Which hand are you using – right or left? The directions are now reversed, and your twist will now be removed or added.

After you make your ball, do you draw the yarn from the centre or outside of the ball? One will add twist, one will remove it. When you look at the wound ball from the end, does it wind off clockwise or counter-clockwise – I like to think of it as making a “9”or an “e”. Turn your ball over, and look at it from the other side… is it a 9 or an e? See the difference? One will add twist, one will remove it. Pull up a length of yarn… sometimes it will kink up on this side, but not on the other. (Try this trick with bathroom tissue, or ribbon. Every try to wind it back on -- smoothly? Why does it twist up for you?)

When you knit, you are correct that you untwist your S-ply yarns one twist with every stitch – when you knit English style. This doesn’t normally happen when you knit Continental, depending if you pick or wrap with your left hand.

Did you know that yarns are spun and plied differently for knitting than for crochet? That’s because of the way we handle the yarns. If you use the wrong yarn, it will split for you easily.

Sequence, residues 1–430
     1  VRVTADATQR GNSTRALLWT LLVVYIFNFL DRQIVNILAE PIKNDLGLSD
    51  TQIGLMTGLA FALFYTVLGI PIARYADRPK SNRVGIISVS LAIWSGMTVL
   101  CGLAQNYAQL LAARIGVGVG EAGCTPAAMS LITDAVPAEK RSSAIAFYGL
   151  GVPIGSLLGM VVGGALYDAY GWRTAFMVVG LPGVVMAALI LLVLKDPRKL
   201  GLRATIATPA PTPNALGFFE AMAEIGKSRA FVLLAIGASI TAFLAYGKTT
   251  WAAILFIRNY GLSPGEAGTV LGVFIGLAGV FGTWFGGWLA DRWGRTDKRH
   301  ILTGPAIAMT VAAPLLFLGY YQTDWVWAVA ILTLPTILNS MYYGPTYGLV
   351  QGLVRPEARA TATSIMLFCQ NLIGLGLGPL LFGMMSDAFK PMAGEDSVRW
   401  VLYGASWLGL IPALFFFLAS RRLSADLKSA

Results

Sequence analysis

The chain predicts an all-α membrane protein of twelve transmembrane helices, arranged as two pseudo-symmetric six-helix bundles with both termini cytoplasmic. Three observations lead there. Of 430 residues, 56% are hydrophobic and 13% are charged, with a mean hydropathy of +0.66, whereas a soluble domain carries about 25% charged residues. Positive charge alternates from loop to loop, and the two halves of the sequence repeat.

If you haven’t noticed any of this happening when you knit, then don’t worry about it. If you have, then take a measure to correct it. Sometimes it’s as simple as flipping the ball over and using it from the other side. If you know what effect you are getting doing anything a certain way, you can use it to your advantage. It becomes the difference between frustration and satisfaction with your craft.

ann g's picture

And THAT may well be the

And THAT may well be the reason why the linen I'm working with for the first time now, is splitting and getting me frustrated! I'll have a good look at my balls (no pun intended, obviously) tonight to see how they're wound/unwinding. Of course it takes a spinner to have inside knowledge and point this out!

New York Built's picture

Leave linen and all bast

Leave linen and all bast fibers in hank or skein. The additional twists in balling, knitting and unwinding adds bias, knots, tangles and annoyance to an otherwise delightful fiber.